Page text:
It’s become common to bash large public institutions with the phrase, "if I ran my business the way they run [government/public schools/whatever], I’d be bankrupt."
Maybe so. But Congress and law making are not businesses (the high-cost business of campaigning and lobbying aside). And public schools are not businesses, either.
Still there’s a tendency to think that putting corporate executives or small business owners in leadership positions at public institutions will somehow make those entities profitable or successful. That accounts for the election of some businesspeople to Congress, and the appointment of former magazine magnate Cathie Black as New York City schools chancellor. [See political cartoons about the budget and the deficit.]
Just a few months after her appointment by New York City Mayor Michael Bloomberg, Black is out. It was hardly a surprise, her approval rating among city residents had been an anemic 17 percent, according to a Quinnipiac University poll released last month. She had made some foolish comments, such as suggesting that birth control was the solution to schools overcrowding, and she upset some parents with her proposal to install an "elite" new high school inside an existing Park Slope high school.
Black had no education experience, which might have contributed to her troubles. She may be great at bottom-line decisions, but such calculations are nearly impossible in a public school. You can’t fire your students to improve your graduation rate. You can call a school "failing" for not reaching certain testing standards, but the school can’t do anything about the challenges--such as poverty, substance abuse in the home, or language barriers--that make certain student populations more difficult to teach.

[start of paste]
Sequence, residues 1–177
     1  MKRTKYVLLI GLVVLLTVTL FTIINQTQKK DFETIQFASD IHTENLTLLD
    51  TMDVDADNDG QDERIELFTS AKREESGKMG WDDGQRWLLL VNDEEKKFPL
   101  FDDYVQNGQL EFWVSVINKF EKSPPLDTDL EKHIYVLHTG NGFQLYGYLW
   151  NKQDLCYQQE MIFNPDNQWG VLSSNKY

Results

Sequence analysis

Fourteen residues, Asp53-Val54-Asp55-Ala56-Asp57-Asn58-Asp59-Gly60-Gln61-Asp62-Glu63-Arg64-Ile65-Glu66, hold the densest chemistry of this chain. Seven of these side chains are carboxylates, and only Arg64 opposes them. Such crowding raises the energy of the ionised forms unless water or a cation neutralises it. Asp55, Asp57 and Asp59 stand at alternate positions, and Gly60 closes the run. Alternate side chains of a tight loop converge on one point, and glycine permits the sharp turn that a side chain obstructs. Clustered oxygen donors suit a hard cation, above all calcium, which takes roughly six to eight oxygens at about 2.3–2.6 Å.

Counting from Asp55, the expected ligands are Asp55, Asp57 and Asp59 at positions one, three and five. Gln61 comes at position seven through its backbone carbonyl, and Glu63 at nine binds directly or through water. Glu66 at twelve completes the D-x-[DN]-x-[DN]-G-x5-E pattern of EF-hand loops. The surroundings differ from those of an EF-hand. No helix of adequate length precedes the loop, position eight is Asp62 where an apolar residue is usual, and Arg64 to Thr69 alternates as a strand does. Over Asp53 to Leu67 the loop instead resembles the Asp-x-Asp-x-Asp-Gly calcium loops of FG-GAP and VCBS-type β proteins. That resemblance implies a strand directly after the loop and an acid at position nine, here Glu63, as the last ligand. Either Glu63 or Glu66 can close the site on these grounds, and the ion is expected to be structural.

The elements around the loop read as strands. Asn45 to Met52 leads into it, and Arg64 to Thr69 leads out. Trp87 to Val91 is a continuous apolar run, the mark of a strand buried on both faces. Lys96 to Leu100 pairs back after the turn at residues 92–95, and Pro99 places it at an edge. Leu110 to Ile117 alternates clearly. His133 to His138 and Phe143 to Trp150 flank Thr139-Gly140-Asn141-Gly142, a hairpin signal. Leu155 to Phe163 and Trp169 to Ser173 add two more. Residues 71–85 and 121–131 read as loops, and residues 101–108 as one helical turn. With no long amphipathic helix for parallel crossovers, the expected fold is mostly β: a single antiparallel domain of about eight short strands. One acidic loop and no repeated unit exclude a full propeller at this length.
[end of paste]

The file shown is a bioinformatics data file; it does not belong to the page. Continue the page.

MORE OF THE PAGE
And ironically, the business model on Wall Street doesn’t follow the market approach being imposed on schools. Financial big-wigs who helped run the economy into the ground got big bonuses, despite their poor performance. Their businesses weren’t closed for incompetence; they were given government bailouts. There is indeed an argument to be made that letting those businesses fail would have done tremendous damage to innocent parties, such as people whose IRAs are dependent on the performance of stocks over which they have no control. So why are schools not given the same "business" courtesy?
The same goes for the federal budget. Sure, one couldn’t run a business budget in the same way. But then, the government can’t fire Social Security recipients. It can’t--not without planning and consensus--decide to shutter "underperforming" enterprises such as the Afghan war. The government is meant to take care of everyone, to some degree, and unlike a business, the government can’t pick and choose which customers to target. [See 10 effects of a government shutdown.]
As stubbornness in Congress threatens a government shutdown, lawmakers tethered to a business model approach should remember their roles. A CEO or small business owner can dictate; a House member is one of 435 and must accept the needs and perspectives of the rest of the chamber. Businesses can price items high enough to cut out low-income consumers. Government has an obligation--though to what degree is a valid discussion--to protect the neediest. Having former businesspeople in Congress provides a valuable perspective in a diverse institution. But Congress is not a business.